Paramount Pictures takes me deeper into the Twilight Zone this week as I continue my exploration of the dark reaches of the mind and psyche with The Complete Series blu-ray set.
The first episode this week was The Lonely. Penned by Rod Serling, and having an original airdate of 13 November, 1959, this story definitely ventured further into science fiction territory.
The tale follows a lonely convict, James Corry (Jack Warden), who is doing his time in solitary confinement on a distant asteroid. When his supplies arrive via Captain Allenby (John Dehner), Corry is given a companion in the form of the robotic, yet human looking Alicia (Jean Marsh – who was just in this past Saturday’s Doctor Who).
I really like Warden’s performance in this episode. He plays the loneliness so well, and the eagerness he shows to interact, to make small talk, to play even a simple game when Allenby shows up is almost heart-breaking. Until we’re reminded he is a convicted murderer serving 50 years.
The use of Death Valley as a location definitely helps to convey the loneliness Corry is experiencing and serves as a stark backdrop as he becomes more accepting of his robotic companion.
Things take a twist when Allenby returns and gives Corry a terrible choice…
Yet another strong story, with Warden turning in a fine performance. Also, watch for an uncredited appearance by Ted Knight
There are a slew of extras for this episode, including three different commentaries, an isolated music score featuring Bernard Herrmann, a radio adaptation with Mike Starr.
Time Enough at Last is an iconic episode, and stars the wonderful Burgess Meredith. Serling’s teleplay is based on a short story by Lynn Venable, and originally aired on 20 November, 1959.
Meredith is the bespectacled Henry Bemis. He’s a book lover, in fact a lover of the written word whether it’s in a book or not. He just never gets a chance to settle down and explore all the classic tales he wants to read; his job, his life, everything seems to get in his way. His rather vindictive wife, Helen Bemis (Jacqueline deWit) just won’t leave the poor man alone.
When a nuclear war wipes out most of mankind, Bemis realises that now, there is nothing to prevent him from reading his fill. There will be no one to bother him. Nothing could possibly go wrong now… right?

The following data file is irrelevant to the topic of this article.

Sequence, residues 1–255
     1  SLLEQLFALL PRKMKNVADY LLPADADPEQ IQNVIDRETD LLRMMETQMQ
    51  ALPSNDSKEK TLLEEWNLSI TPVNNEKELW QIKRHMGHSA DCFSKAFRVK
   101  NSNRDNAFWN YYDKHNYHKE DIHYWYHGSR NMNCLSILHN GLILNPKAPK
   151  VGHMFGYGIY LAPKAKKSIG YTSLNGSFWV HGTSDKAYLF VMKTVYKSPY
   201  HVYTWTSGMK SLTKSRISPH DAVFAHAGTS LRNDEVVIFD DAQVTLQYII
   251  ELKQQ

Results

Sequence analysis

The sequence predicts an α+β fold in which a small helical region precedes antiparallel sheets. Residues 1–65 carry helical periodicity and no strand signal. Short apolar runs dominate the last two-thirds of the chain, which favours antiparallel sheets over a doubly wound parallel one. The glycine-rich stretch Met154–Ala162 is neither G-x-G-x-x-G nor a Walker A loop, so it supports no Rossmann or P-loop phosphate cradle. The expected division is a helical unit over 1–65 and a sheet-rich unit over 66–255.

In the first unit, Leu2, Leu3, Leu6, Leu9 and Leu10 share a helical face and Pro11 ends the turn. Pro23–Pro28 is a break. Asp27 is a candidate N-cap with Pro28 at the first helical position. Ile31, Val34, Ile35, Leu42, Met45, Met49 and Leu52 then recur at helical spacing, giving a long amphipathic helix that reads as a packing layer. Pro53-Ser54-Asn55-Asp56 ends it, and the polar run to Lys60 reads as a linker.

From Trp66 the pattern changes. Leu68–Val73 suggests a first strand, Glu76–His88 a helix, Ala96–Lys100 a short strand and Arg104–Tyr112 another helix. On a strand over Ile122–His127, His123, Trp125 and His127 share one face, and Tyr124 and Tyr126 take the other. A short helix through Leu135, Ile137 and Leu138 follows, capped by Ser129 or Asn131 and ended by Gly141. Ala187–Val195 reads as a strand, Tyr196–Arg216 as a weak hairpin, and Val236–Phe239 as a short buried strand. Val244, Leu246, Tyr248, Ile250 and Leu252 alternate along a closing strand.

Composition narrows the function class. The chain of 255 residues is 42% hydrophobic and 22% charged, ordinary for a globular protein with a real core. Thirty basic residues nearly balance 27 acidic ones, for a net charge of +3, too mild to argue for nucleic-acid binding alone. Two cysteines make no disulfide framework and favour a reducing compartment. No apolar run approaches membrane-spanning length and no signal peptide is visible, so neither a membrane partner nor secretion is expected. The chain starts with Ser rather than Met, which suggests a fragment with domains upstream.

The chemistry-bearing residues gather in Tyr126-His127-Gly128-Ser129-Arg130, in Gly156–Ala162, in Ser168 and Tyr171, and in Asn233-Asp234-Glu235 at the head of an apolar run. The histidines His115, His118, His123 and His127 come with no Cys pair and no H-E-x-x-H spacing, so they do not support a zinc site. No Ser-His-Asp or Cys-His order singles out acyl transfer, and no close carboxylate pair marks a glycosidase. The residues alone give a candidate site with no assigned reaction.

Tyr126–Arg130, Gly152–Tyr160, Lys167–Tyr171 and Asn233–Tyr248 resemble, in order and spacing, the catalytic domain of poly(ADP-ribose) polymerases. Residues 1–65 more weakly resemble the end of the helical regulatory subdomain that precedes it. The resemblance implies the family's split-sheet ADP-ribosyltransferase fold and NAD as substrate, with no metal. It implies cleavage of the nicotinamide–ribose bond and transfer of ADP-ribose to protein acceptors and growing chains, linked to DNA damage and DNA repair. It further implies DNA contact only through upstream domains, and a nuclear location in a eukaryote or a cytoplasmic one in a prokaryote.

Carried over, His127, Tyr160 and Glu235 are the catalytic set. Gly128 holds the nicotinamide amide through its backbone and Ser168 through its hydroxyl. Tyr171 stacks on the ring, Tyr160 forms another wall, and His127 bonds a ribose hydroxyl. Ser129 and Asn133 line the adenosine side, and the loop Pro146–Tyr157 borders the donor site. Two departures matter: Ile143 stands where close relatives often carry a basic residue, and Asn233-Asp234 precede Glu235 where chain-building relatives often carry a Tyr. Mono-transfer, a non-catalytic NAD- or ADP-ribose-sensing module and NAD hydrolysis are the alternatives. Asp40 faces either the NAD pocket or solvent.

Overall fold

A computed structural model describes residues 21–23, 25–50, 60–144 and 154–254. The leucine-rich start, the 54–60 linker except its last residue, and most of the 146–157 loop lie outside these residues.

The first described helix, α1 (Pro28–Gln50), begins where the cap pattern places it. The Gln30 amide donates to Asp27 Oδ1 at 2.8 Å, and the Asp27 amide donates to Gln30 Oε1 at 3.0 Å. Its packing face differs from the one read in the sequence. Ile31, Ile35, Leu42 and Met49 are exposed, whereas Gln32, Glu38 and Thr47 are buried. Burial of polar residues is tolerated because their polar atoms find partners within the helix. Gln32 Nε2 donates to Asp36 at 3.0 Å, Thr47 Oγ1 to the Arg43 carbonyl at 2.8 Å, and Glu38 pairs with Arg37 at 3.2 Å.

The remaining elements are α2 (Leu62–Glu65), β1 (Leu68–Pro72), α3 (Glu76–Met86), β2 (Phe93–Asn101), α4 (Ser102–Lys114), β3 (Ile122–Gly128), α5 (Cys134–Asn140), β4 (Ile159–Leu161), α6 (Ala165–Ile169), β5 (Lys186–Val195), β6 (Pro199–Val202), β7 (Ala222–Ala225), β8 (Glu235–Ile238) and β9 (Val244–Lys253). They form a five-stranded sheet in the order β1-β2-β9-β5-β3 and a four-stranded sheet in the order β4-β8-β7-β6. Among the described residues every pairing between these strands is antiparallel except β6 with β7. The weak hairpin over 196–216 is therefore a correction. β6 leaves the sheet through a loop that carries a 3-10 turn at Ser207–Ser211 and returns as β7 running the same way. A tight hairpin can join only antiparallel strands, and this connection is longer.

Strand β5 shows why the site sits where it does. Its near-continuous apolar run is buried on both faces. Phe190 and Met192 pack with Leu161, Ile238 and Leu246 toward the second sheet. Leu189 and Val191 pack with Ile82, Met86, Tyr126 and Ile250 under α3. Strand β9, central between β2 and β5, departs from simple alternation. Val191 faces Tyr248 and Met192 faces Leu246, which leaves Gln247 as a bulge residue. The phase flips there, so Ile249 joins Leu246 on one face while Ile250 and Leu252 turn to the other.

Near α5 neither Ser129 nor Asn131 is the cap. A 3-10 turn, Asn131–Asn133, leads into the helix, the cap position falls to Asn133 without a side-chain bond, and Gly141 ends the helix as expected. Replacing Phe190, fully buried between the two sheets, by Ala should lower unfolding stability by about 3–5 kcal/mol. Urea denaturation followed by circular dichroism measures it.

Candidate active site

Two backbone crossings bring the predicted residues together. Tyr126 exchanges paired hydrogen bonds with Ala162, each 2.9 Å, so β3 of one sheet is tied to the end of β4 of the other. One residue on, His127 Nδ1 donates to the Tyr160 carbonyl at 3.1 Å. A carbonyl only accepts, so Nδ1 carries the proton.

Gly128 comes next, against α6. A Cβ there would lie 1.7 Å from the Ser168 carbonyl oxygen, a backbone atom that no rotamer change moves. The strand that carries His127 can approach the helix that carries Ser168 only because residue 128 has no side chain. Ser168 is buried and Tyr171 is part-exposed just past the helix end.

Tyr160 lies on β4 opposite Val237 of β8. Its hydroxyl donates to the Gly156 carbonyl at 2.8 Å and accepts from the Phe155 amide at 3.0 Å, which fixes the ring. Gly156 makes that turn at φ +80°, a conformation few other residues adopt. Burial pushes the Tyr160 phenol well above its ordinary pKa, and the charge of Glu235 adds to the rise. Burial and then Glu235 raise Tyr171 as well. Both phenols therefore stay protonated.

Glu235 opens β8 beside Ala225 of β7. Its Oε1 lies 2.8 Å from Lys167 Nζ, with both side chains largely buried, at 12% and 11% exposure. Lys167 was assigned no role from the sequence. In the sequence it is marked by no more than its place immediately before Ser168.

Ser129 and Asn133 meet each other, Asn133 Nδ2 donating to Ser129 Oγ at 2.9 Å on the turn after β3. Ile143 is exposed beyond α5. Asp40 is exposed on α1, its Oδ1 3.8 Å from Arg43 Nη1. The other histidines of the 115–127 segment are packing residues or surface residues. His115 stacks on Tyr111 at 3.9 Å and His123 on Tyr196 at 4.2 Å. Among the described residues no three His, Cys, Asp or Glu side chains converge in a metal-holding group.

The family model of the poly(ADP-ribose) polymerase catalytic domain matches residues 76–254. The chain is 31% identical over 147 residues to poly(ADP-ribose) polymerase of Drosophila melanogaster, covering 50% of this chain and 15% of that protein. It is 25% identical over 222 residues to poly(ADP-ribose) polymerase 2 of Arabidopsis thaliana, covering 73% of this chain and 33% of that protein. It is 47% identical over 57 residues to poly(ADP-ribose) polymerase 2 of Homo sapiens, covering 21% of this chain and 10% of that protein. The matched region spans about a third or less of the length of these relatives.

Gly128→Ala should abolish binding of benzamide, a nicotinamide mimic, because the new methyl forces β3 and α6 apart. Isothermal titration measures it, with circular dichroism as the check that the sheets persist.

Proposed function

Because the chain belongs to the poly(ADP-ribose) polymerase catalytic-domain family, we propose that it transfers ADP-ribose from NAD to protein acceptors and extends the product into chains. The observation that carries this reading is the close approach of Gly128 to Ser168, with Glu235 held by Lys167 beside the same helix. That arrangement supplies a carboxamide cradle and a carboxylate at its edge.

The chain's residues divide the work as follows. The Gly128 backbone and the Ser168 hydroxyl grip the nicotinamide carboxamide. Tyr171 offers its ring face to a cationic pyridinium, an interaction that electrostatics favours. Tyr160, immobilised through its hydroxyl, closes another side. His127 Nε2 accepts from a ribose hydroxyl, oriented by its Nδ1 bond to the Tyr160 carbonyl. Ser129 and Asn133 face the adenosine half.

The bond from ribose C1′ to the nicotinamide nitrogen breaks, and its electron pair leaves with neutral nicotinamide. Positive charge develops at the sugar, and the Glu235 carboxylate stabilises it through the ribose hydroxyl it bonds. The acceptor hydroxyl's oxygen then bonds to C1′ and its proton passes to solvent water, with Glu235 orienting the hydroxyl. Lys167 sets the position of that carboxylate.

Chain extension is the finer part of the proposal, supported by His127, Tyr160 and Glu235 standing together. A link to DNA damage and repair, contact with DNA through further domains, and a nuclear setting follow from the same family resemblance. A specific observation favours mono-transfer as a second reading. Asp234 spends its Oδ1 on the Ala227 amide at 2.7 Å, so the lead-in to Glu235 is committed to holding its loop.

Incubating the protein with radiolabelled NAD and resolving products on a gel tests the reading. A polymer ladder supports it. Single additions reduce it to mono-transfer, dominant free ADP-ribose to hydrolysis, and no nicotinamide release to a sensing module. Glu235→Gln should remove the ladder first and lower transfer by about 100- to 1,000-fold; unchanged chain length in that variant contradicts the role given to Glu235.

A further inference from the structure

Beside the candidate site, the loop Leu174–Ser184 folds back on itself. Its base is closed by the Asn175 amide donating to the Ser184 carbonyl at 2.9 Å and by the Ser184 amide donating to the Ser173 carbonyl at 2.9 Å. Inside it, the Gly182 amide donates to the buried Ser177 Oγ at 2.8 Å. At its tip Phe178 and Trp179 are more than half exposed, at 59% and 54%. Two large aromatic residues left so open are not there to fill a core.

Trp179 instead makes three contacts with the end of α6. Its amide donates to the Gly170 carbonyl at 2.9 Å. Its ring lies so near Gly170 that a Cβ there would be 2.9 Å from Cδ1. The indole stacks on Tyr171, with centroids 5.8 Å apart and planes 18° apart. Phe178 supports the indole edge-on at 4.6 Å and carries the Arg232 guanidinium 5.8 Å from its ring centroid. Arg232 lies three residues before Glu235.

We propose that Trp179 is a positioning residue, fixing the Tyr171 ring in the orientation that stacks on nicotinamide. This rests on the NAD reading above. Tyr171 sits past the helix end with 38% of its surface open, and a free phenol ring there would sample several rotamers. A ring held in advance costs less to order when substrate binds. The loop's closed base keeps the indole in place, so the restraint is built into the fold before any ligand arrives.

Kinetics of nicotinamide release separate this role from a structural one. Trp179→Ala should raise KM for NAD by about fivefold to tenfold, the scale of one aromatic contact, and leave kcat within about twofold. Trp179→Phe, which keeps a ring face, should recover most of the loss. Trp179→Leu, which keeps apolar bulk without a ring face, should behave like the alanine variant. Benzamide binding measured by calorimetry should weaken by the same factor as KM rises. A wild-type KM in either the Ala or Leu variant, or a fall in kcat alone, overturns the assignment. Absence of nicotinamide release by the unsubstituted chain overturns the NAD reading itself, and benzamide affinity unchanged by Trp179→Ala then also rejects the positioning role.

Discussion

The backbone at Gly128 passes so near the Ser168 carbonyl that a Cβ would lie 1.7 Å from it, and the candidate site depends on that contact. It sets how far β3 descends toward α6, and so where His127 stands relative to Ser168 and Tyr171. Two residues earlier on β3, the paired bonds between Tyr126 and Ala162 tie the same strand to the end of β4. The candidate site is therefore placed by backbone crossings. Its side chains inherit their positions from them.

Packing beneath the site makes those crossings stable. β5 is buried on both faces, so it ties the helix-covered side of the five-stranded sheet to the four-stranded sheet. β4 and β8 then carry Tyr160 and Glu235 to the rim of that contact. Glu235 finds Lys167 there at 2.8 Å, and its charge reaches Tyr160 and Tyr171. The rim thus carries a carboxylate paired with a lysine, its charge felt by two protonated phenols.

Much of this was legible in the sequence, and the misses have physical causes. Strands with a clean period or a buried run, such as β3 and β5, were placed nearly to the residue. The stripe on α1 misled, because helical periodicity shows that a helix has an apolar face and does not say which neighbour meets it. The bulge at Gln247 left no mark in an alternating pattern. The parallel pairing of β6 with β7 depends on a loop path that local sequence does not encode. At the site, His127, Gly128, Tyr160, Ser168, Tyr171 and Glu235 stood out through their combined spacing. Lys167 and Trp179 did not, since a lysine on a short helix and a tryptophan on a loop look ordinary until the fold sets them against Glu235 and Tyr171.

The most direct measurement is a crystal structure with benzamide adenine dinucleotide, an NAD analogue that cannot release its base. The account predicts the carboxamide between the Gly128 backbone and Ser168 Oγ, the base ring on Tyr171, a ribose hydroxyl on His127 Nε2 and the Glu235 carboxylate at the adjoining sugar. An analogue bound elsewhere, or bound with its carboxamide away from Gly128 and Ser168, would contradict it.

It’s a wonderfully charming and fanciful tale, one of Serling’s personal favourites, mine as well. Meredith is, as he always was, a joy to behold as he works.
This is one of the first episodes to present the ironic twist at the climax of the story. It has been copied and lampooned for years, but that doesn’t affect its poignancy. Though, let’s be honest, there is no way Bemis would survive for too long after a nuclear explosion. Fanciful and oh so classic.
This is a great episode.
The extras this time around feature a commentary, a 1978 interview with Meredith, and a radio adaptation starring Tim Kazurinsky.
The last excursion into the Zone this week is Perchance to Dream. This is the first episode not penned by Serling. It was written by Charles Beaumont and aired on 27 November, 1959.
The story follows Edward Hall (Richard Conte), who despite being fatigued to the extreme, is resisting sleep. He explains to Doctor Rathmann (John Larch) that he has not slept in days, as he fears that a dream he has been having is progressing to an undeniable end, his death.
It seems he believes an evil woman, Maya (Suzanne Lloyd) the Cat Woman, has been stalking him, and will finally kill him in his next dream.
There are some troubling images as we relive Hall’s dreams, and his encounters with Maya in his nocturnal ramblings shift from the erotic to the dangerous.
Coming on the heels of one of the series most beloved and greatest episodes, this one has a lot to live up to. And it doesn’t quite pull it off. It doesn’t have the Serling touch, and the story ends up being a touch too surreal to actually be scary or unnerving.
If the episode had been shot in colour, one could imagine it being lewd and garish, like the cover of a pulp novel pushing the sexuality and surreal imagery of the carnival Hall’s dreams take place in, but for me, this one falls a little short.
The extras that round out this week’s final episode are an interview with Suzanne Lloyd, an isolated score by Van Cleave and a radio adaptation (and these are pretty great) starring Fred Willard.
The Twilight Zone: The Complete Series is available from Paramount now!